By the looks of recent television commercials, we are in for a summer full of movies, funny and sad, bombastic and thoughtful. With blockbuster season right around the corner, perhaps we should take note now -- and discuss with our families -- how to watch movies from a Christian point of view.
Watching a movie through a Christian lens is decidedly different than, say, watching a movie for watching's sake. We assume that since Christ is Lord and that we are to take every thought captive, we should ask questions about a film's lessons for faith and for society.
Our Christian lens allows us to engage the underlying moral and ethical themes in the movies we watch, as well as analyze them with an eye toward God's redemptive work in the midst of artistic expression.
First off, it becomes important to approach movies cautiously. Families with small children can peruse websites that rate movies based on violence, language and sexual content.
Those with older children or teens can watch a movie together and then discuss how the movie makes an audience come to conclusions related to faith and morality.
The following are some thematic elements that can inform a family discussion as it relates to faith:
We have a whole new line of hero-based movies hitting the big screen, from "Thor" to "Captain America." Many of these movies help us recognize that honor and courage are important attributes in life. Yet, they usually glorify violence and revenge, so-called virtues that conflict with God's word.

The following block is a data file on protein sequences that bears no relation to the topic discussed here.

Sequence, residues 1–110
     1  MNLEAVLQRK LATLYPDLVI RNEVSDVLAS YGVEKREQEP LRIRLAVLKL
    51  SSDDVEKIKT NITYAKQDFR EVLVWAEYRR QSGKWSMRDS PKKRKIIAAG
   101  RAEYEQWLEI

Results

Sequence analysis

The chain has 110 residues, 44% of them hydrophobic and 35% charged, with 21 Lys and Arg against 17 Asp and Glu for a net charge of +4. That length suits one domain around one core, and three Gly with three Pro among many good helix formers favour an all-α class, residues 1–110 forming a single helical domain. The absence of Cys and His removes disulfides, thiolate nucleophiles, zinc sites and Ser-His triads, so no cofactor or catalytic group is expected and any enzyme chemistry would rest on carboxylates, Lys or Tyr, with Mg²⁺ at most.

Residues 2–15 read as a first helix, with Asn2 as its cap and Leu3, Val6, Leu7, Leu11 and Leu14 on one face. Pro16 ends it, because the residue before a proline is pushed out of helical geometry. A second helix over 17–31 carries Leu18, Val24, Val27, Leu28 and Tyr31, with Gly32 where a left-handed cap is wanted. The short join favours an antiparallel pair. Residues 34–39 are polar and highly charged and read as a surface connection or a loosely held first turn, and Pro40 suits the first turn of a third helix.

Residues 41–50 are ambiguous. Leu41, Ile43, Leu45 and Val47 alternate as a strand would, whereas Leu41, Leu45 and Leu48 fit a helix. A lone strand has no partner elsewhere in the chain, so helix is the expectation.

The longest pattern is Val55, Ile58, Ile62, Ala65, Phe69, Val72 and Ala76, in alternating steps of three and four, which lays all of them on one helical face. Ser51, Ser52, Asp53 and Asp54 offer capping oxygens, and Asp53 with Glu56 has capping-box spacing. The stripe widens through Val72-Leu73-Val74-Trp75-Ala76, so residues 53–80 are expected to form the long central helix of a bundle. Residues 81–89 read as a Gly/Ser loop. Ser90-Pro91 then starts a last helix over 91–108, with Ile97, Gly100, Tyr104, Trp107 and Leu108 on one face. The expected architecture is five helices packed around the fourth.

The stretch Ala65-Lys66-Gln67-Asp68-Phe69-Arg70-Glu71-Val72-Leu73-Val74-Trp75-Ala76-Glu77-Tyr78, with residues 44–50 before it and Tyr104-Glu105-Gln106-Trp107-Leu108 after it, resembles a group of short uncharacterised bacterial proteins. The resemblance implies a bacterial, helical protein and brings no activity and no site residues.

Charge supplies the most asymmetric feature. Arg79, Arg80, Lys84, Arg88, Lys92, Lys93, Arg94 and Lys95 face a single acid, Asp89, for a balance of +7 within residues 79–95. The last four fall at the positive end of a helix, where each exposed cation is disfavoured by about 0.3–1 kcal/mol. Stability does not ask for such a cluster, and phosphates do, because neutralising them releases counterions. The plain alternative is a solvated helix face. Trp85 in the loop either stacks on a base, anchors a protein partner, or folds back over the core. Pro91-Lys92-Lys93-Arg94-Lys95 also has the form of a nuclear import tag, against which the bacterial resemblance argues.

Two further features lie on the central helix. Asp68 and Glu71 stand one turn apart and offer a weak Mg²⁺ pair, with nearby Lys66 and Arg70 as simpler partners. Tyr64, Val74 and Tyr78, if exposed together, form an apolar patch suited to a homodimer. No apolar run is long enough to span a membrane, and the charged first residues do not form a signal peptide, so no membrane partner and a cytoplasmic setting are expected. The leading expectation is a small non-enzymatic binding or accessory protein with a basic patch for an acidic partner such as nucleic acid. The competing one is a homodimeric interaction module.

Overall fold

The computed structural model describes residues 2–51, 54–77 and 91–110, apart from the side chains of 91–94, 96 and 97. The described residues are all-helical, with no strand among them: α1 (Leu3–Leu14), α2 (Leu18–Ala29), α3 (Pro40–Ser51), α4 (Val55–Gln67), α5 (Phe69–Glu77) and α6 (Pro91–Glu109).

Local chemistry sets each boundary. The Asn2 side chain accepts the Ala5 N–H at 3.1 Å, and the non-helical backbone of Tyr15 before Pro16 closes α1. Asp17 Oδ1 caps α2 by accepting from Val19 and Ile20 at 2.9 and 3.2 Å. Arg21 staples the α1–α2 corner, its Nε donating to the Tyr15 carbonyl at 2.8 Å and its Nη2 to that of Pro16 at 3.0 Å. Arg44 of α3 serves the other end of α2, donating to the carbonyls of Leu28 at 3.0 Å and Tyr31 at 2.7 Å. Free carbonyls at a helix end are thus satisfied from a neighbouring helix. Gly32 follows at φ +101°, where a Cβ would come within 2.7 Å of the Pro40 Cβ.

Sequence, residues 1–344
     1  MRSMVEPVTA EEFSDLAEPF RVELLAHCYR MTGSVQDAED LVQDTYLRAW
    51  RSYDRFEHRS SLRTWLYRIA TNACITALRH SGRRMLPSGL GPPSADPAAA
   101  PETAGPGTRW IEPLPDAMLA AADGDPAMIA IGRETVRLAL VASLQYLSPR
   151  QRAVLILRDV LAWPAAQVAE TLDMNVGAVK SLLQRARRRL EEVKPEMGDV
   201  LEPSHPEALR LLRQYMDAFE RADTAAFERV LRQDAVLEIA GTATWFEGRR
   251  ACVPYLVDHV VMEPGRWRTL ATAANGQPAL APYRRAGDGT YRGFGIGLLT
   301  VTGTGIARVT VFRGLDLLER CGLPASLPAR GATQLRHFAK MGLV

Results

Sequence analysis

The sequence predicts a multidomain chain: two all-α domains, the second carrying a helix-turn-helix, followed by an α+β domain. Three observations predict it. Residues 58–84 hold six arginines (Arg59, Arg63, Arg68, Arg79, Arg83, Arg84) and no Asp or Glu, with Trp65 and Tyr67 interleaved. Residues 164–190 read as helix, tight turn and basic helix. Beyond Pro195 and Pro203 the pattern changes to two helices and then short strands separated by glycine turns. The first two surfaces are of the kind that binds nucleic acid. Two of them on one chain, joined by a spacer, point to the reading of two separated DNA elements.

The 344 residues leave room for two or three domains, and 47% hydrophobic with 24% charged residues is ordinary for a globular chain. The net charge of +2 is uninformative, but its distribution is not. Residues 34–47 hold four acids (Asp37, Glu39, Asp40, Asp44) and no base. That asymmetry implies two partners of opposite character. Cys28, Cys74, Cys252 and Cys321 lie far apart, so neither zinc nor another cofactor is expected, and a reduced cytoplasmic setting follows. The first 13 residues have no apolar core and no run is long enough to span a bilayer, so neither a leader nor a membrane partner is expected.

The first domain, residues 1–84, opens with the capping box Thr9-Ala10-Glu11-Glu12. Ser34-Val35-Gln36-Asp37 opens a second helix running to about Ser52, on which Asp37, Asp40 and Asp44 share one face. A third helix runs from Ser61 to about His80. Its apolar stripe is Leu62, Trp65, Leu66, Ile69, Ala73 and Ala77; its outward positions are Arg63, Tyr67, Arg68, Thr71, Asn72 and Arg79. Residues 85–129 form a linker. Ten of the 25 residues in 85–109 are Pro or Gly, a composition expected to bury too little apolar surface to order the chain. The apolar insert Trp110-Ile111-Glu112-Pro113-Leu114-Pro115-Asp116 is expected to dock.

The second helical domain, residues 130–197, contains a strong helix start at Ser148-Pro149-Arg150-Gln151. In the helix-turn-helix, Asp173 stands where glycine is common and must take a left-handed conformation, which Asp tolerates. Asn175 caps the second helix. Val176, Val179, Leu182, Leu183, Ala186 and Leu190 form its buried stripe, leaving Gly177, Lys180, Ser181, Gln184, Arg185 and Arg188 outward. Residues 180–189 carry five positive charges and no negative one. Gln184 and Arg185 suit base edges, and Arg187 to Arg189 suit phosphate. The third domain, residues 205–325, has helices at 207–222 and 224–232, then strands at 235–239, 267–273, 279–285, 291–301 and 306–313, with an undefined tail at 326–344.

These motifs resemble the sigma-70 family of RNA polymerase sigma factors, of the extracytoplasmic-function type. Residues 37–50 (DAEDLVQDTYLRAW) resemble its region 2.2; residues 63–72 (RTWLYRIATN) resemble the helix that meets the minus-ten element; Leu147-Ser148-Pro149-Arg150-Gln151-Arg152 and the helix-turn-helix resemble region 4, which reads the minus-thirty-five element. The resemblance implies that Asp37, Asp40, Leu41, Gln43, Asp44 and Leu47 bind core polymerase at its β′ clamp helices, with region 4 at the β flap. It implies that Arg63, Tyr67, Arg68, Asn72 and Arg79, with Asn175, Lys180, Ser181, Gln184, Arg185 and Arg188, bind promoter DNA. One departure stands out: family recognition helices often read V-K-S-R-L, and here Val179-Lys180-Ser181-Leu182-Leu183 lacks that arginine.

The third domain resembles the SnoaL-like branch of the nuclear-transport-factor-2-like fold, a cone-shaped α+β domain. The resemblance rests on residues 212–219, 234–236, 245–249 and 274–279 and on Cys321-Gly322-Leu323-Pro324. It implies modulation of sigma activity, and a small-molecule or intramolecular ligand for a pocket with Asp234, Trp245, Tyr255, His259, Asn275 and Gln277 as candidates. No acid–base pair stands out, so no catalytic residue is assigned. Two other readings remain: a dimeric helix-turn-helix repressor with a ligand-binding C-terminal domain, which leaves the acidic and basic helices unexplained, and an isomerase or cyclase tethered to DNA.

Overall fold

It will help families to recall that Jesus explicitly opposed violence as a means of revenge. Violent content in comic book movies is usually entertaining, but not very redeeming.
Another unfortunate thematic element found in most movies is sexual exploitation. I'm looking forward to watching the third installment of the "Transformers" franchise next month, but I know that director Michael Bay has a shallow approach to how he portrays his female characters in his films.
Bay's movies often degrade women to the status of sex objects or boy toys. Morphing cars are cool, but we may need to discuss how this movie among others mistreat women in general.
Other, more nuanced movies will reach for Academy Award status by portraying humanity in all its candor. These movies usually have deeper messages than do action flicks, but they, too, can become important conversation pieces in Christian circles. Many times these films explore the tensions between faith and science, fate and destiny, hope and grief, and lostness and redemption.
These films can actually become resources to point others to Christ. Remember last year's Academy contender "Up in the Air," starring George Clooney? The film's theme centered around an executive who has no real relational connections and very little meaning in his life. The movie ends on a depressing note. The movie made me wonder: What if Christ were to take all of the Clooneys of the world and show them that an abundant life is possible only when one relates to God?
I'm looking forward to "Company Men," which explores the lives of a half-dozen executives who lose jobs during the recession. It is timely, but it is an important film that echoes "Up in the Air" because it reminds us that family and relationships are more important than prestige and social status.
Despite the downturn of the economy, we can be sure that movies are still cash cows. As Christians, however, we are called to engage movies with a critical eye towards faith and art from a uniquely Christian perspective.
The Rev. Joe LaGuardia is the senior pastor of Trinity Baptist Church, 301 Honey Creek Road, Conyers. Email him at email@example.com or visit www.trinityconyers.org.